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Richland road honors Confederate Gen. Robert E. Lee. This man wants it renamed

A former Richland city councilman is renewing calls to rename Lee Boulevard, which commemorates U.S. Army Corps General-turned-Confederate rebel Robert E. Lee.

Jim Stoffels, 81, who served on the city council from 1972-75, asked the current city council this week to rename Lee Boulevard.

“We have come to value racial equality as a hallmark of our society,” he told the council

He called on it to join the nationwide movement to remove memorials that celebrate the Civil War’s legacy of racism.

“I believe it is time for Richland to join this movement and change the name of Lee Boulevard.”

Peace Bell
Richland resident Jim Stofells has recommended the city rename Lee Boulevard, which commemorates Civil War icon Robert E. Lee. The 36th annual Atomic Cities Peace Memorial, marking the anniversary of the Nagasaki atomic bombing will include ringing of the Bell of Peace, a gift to Richland from the mayor of Nagasaki in 1986. Jim Stoeffels organizes the event. File Tri-City Herald

Stoffels, a retired physicist for the Pacific Northwest National Laboratory, is also chairman and treasurer of Richland-based World Citizens for Peace, which advocates against atomic weapons.

He was moved to act after a friend told him Lee Boulevard honored the Confederate leader.

He doesn’t plan to press the issue, but hopes the council will discuss it further.

The council did not act this week.

Civil War namesake

It’s not the first time Richland has been confronted about Lee Boulevard and its Civil War namesake.

Two years ago, Richland resident Martin McBriarty drew attention to Lee Boulevard in a Facebook post that said it “glorified the Confederacy” and “MUST be removed.”

The post inspired a furious debate on social media and lots of news coverage, but the name remained.

Nationally, though, pressure has grown to remove Confederate monuments and rename schools and roads after the infamous Aug. 12, 2017, Unite the Right rally in Charlottesville, Va.

The rally turned violent when a white supremacist plowed through a crowd of protesters, killing one.

Richland’s Lee Boulevard is a busy east-west arterial running between Howard Amon Park and Cottonwood Drive near Highway 240. It got its name in the 1940s.

Stoffels said he wasn’t surprised Lee Boulevard got its name decades before the Civil Rights movement.

At the time, Dupont Corp., primary contractor for the Hanford Engineering Works, was moving quickly to support the Manhattan Project. Richland, not yet a city, developed quickly to house tens of thousands of workers recruited from the South to carry out the work.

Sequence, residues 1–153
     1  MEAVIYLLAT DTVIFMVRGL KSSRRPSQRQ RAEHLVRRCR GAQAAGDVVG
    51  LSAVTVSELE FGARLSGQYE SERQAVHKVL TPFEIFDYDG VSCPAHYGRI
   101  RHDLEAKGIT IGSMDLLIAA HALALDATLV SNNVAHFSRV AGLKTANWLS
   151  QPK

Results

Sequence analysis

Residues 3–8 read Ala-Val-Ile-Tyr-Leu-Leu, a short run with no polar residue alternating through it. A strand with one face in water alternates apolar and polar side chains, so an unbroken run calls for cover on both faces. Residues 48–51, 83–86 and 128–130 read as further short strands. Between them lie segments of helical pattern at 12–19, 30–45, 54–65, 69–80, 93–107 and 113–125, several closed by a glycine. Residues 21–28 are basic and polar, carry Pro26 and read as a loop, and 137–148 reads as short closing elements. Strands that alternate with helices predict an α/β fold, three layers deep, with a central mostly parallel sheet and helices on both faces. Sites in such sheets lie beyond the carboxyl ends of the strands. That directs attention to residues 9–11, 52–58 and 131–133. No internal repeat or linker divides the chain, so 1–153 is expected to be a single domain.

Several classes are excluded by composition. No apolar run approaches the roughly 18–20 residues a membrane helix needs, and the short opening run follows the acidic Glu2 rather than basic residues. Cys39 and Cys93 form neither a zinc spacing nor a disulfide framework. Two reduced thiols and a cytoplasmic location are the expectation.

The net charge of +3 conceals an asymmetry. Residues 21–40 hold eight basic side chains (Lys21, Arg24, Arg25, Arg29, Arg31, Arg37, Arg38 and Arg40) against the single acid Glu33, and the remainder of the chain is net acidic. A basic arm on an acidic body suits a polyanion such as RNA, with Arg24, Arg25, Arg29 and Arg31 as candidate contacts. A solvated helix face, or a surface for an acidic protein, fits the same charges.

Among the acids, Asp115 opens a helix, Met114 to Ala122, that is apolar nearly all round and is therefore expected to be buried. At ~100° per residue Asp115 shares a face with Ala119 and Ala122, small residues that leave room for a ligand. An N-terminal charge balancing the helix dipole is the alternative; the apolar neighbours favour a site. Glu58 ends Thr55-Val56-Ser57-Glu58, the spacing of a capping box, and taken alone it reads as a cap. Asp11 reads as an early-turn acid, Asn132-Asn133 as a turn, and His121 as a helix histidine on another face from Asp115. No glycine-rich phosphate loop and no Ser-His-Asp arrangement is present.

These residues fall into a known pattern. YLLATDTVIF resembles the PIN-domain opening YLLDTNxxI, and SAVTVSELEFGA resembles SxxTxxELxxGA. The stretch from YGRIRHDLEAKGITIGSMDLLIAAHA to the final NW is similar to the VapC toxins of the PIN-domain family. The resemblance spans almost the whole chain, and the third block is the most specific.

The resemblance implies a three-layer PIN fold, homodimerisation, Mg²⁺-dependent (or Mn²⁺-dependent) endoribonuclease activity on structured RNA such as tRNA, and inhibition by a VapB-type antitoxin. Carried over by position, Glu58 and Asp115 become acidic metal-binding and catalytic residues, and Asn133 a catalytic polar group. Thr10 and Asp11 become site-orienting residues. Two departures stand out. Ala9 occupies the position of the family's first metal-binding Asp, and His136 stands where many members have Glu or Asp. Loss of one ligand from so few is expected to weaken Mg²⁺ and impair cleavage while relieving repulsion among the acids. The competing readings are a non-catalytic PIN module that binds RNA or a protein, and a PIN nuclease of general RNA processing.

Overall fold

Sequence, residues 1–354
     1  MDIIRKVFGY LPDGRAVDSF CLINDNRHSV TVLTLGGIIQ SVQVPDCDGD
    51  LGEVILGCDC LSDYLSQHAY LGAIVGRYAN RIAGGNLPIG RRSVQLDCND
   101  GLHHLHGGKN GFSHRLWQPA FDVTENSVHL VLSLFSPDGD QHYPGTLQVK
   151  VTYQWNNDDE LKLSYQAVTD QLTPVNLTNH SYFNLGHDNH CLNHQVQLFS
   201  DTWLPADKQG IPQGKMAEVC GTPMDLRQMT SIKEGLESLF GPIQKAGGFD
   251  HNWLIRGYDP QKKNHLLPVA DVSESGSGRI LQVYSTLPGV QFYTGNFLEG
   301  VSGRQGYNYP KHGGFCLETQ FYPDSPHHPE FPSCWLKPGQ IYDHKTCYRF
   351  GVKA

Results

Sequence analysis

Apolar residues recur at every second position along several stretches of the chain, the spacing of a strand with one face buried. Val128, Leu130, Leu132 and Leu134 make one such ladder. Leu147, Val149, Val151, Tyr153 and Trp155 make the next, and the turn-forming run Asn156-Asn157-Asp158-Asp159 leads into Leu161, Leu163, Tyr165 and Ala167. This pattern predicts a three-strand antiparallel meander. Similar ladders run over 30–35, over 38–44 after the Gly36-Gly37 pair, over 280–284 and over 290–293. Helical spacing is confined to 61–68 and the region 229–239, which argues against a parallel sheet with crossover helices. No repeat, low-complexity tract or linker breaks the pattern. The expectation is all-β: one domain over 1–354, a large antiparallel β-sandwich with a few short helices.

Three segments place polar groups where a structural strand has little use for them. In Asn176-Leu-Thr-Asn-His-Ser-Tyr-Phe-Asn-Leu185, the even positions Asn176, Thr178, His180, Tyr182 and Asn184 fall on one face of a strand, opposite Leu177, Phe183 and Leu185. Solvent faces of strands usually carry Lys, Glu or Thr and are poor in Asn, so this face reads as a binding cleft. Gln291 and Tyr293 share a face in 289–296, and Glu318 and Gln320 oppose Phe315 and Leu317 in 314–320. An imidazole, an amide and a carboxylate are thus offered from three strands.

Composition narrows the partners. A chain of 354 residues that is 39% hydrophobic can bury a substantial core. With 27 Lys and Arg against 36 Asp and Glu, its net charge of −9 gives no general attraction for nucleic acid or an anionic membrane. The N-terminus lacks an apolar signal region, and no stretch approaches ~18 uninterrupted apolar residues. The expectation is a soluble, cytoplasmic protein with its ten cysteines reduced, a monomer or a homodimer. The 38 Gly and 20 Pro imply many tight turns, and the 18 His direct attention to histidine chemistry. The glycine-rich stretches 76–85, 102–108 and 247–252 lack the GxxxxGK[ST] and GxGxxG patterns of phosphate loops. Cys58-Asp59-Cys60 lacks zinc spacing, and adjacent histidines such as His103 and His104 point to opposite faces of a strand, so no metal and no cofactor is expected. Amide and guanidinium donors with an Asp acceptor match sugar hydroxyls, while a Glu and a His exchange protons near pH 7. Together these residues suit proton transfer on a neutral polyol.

Black Hanford workers segregated

Many Richland streets were named for Army Corps luminaries, Lee being one.

A plaque on private property at Lee Boulevard and Thayer Drive commemorates Lee as a “potent symbol of regional pride and dignity ...”

Lee entered the Corps of Engineers after graduating from the U.S. Military Academy at West Point in 1829. He served with distinction, participating in every major battle of the Mexican American War and later as superintendent of West Point.

He left the Corps in 1855 to accept an assignment as a lieutenant colonel in the 2nd Cavalry Regiment. When his native Virginia seceded from the Union in 1861, he followed, rising to commander of the Confederate States Army.

Stoffels linked the Confederacy’s mission with historic mistreatment of black Hanford workers.

African Americans accounted for an estimated 15,000 of the workers recruited to the Hanford Engineering Works.

They worked at Hanford, but were forced to lived in segregated housing or across the river in Pasco, Stoffels reminded the council.

Stoffels acted alone in his call for a new boulevard name, but he was supported by another Richland resident who attended this week’s council session to discuss an unrelated matter related to flags.

Andrue Ott supported Stoffels’ request to change the street name.

Ott told the Herald he respects honoring history, but changing the name could be an opportunity to make new history by acknowledging racial disparities.

“We don’t have many opportunities to make major statements,” he said.

Wendy Culverwell writes about local government and politics, focusing on how those decisions affect your life. She also covers key business and economic development changes that shape our community. Her restaurant column and health inspection reports are reader favorites. She’s been a news reporter in Washington and Oregon for 25 years.
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